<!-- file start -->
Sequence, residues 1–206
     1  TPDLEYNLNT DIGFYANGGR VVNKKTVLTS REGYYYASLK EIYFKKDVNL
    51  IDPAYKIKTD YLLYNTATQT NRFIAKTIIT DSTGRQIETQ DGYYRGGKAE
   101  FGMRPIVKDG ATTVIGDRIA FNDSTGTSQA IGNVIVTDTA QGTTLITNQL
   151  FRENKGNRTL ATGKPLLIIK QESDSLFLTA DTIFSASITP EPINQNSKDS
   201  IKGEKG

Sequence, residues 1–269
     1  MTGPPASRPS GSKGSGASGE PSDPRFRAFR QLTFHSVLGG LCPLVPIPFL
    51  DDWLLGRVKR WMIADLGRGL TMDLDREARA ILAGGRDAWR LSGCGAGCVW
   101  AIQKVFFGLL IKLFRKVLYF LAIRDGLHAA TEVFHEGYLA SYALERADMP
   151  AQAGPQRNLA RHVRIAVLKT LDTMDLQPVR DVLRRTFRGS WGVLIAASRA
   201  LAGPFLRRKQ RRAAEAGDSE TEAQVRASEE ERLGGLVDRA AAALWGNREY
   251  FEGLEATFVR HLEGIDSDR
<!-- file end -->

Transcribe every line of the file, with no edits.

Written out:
Sequence, residues 1–206
     1  TPDLEYNLNT DIGFYANGGR VVNKKTVLTS REGYYYASLK EIYFKKDVNL
    51  IDPAYKIKTD YLLYNTATQT NRFIAKTIIT DSTGRQIETQ DGYYRGGKAE
   101  FGMRPIVKDG ATTVIGDRIA FNDSTGTSQA IGNVIVTDTA QGTTLITNQL
   151  FRENKGNRTL ATGKPLLIIK QESDSLFLTA DTIFSASITP EPINQNSKDS
   201  IKGEKG

Sequence, residues 1–269
     1  MTGPPASRPS GSKGSGASGE PSDPRFRAFR QLTFHSVLGG LCPLVPIPFL
    51  DDWLLGRVKR WMIADLGRGL TMDLDREARA ILAGGRDAWR LSGCGAGCVW
   101  AIQKVFFGLL IKLFRKVLYF LAIRDGLHAA TEVFHEGYLA SYALERADMP
   151  AQAGPQRNLA RHVRIAVLKT LDTMDLQPVR DVLRRTFRGS WGVLIAASRA
   201  LAGPFLRRKQ RRAAEAGDSE TEAQVRASEE ERLGGLVDRA AAALWGNREY
   251  FEGLEATFVR HLEGIDSDR